A consumer watchdog has called for New Zealand's regulators to take a closer look at insurance products sold via car dealers in the wake of an Australian review which has forced insurers to pay back millions to customers.
However, the bodies which represent insurers and motor vehicle dealers believe there are no problems here.
Jessica Wilson, head of research at Consumer New Zealand, said people who bought cars were regularly offered insurance and warranty products which may provide very little value.
"You can end-up paying for cover you're already entitled to by law."
While other products, such as payment protection insurance, often came with restrictive terms and conditions, which limited the consumer's ability to make a claim, Wilson said.
You can end-up paying for cover you're already entitled to by law.
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"We're concerned these products continue to be sold with misleading information about the cover they offer and we'd like to see regulators take a closer look at this market."
In 2016 the Australian Securities and Investment Commission released three reports covering its review of the sale of add-on insurance through car dealers, which found that the insurance was expensive, of poor value and provided consumers very little or no benefit.
Since then five insurers have said they would pay back more than A$120 million ($131m) to consumers.
The products include insurance for tyre and rim, warranty, loan protection and guaranteed asset protection.
Greig Epps, industry relationship manager at the Motor Trade Association said those sorts of polices were sold in New Zealand via car dealers but the regulatory environment here might mean the problems found in Australia did not exist here.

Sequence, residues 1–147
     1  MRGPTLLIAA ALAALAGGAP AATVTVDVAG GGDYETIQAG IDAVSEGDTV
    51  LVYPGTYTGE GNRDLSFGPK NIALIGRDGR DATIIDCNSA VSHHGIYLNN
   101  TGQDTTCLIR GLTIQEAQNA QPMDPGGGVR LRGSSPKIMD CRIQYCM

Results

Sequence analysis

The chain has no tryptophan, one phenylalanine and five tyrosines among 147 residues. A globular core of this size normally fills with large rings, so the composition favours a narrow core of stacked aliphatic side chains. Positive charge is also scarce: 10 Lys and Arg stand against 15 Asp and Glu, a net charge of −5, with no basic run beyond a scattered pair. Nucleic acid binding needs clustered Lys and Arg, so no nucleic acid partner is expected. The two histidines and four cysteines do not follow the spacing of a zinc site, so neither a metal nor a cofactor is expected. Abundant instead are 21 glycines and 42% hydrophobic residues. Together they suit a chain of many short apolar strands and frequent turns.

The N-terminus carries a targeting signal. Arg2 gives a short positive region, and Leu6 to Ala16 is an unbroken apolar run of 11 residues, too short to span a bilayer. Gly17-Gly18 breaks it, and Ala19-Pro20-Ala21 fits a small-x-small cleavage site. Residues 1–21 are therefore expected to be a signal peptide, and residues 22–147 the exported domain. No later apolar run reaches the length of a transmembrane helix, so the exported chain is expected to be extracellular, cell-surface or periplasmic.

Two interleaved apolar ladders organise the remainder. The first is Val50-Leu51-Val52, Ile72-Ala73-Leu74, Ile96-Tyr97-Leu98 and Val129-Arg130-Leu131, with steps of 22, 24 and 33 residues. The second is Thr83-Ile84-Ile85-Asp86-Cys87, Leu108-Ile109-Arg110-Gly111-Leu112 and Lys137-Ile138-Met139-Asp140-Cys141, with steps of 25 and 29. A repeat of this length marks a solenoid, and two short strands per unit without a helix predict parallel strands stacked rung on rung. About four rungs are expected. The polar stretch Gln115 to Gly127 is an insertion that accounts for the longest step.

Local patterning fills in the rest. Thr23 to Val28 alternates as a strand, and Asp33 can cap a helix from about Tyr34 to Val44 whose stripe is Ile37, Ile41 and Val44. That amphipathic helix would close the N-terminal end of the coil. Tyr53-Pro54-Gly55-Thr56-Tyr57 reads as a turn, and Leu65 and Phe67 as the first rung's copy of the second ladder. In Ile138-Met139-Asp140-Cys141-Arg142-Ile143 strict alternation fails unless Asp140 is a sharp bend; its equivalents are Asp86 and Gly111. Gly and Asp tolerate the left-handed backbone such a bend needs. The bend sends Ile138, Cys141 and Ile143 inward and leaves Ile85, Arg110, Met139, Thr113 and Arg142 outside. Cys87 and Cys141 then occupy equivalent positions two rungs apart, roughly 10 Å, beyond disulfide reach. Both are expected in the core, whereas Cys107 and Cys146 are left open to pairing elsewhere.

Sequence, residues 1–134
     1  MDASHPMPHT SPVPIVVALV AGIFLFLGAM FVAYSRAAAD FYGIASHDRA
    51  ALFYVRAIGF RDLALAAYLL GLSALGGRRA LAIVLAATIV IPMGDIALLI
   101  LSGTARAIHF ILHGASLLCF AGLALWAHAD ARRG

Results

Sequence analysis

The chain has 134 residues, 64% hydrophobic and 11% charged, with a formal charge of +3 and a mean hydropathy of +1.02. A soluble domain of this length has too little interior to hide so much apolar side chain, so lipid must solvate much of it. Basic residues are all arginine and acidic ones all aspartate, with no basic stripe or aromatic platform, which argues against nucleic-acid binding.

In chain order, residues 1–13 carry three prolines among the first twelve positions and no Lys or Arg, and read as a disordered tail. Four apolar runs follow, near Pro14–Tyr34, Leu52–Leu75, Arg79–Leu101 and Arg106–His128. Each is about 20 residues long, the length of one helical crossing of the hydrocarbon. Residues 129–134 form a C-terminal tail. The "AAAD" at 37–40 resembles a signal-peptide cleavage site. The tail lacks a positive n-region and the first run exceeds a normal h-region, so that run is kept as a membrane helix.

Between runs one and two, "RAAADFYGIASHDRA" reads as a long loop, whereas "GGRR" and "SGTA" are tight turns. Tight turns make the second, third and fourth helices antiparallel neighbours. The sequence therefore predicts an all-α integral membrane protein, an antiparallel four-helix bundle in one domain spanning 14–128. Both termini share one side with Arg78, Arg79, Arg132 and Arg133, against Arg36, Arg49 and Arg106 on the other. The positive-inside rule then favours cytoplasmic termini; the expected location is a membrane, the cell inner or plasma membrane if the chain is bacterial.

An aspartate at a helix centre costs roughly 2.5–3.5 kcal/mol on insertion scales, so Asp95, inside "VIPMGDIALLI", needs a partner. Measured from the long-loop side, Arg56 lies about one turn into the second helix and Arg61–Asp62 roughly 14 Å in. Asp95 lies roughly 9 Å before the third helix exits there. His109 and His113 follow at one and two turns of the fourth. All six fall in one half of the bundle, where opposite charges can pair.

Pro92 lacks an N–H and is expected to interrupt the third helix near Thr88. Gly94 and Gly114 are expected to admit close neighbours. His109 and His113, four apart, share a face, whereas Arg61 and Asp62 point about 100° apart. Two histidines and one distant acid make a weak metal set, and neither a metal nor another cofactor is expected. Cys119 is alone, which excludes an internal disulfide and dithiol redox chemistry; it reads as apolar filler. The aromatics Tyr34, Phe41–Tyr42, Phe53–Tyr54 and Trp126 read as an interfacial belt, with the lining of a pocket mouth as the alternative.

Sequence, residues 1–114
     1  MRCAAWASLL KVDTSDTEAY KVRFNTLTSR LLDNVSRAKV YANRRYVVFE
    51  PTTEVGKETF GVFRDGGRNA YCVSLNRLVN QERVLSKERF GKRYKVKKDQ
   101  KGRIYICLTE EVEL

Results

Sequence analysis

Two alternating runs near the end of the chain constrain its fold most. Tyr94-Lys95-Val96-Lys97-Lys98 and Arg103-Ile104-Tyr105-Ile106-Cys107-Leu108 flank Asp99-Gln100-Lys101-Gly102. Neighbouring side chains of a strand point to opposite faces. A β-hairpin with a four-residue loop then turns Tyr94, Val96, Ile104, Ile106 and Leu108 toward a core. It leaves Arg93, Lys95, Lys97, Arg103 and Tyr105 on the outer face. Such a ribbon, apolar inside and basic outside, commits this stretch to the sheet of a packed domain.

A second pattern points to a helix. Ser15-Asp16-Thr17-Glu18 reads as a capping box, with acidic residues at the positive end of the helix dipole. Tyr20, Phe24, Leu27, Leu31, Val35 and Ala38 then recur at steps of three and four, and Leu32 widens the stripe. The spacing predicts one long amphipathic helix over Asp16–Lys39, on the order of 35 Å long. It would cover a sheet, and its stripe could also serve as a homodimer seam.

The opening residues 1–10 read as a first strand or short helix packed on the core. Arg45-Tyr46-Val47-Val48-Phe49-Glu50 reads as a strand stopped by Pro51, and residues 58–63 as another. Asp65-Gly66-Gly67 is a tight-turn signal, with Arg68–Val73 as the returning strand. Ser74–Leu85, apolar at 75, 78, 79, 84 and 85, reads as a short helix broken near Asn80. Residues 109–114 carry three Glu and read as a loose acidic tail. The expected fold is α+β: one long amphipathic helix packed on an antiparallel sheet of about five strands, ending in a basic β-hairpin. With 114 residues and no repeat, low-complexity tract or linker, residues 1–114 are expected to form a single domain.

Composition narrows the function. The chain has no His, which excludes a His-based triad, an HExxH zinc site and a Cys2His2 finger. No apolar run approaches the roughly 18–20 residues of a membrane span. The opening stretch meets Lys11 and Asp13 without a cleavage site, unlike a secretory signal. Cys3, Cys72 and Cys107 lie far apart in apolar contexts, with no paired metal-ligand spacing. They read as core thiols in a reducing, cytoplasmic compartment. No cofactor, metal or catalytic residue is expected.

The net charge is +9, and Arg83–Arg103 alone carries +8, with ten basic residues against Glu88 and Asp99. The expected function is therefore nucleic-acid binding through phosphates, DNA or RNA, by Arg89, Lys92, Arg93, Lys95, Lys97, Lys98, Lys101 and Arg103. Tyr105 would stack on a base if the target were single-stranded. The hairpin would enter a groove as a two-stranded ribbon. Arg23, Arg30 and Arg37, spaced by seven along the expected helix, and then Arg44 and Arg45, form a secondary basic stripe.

"Recent revisions to the Consumer Credit Contracts and Finance Act (CCCFA) and changes brought in under the Responsible Lending Code mean that all finance and insurance selling must meet the customer's requirements," Epps said.
"So selling F&I products in NZ in a way that does not meet that requirement will be 'illegal' or 'non-compliant'.
"In light of this regulatory environment, it may be that the problems found in Australia do not exist here or may be more difficult to manifest here on a wide scale."
Epps said the car dealer was often simply an "intermediary" for the insurance company and consumers also needed to take responsibility.
"MTA advises its vehicle trader members to be as clear as possible about these products, there is also a need for customers to have a good understanding of their own current insurance coverage and determine whether they need any further insurance or warranty products."
Tim Grafton, chief executive of the Insurance Council, said: "ICNZ has not been advised by either regulators or its members of the sale of insurance that is not fit for purpose.
"ICNZ requires that its members do not bring the insurance sector into disrepute."
Suncorp, one of the Australian insurers, who will pay back A$17.2m to customers also offers insurance in New Zealand via Vero.
Its New Zealand spokeswoman said Suncorp did not sell similar products through car dealers in New Zealand.
New Zealand regulators have yet to look into the add-on insurance market.
An FMA spokesman said: "We have not been reviewing the practices around car loan insurance and to date have not received any complaints in this area.
"While all insurance services in New Zealand are subject to the fair dealing rules under the Financial Markets Conduct Act, insurers are not licensed by the FMA, which limits our remit."
The spokesman said its initial focus on insurance had been on sales and incentive practices in relation to life insurance, which has longer term consequences for customers and therefore poses a higher-risk.
"We'll continue to consider how we can use our existing powers in relation to general insurance."
A spokesman for the Commerce Commission said it did not have any current investigations into the matters investigated by ASIC.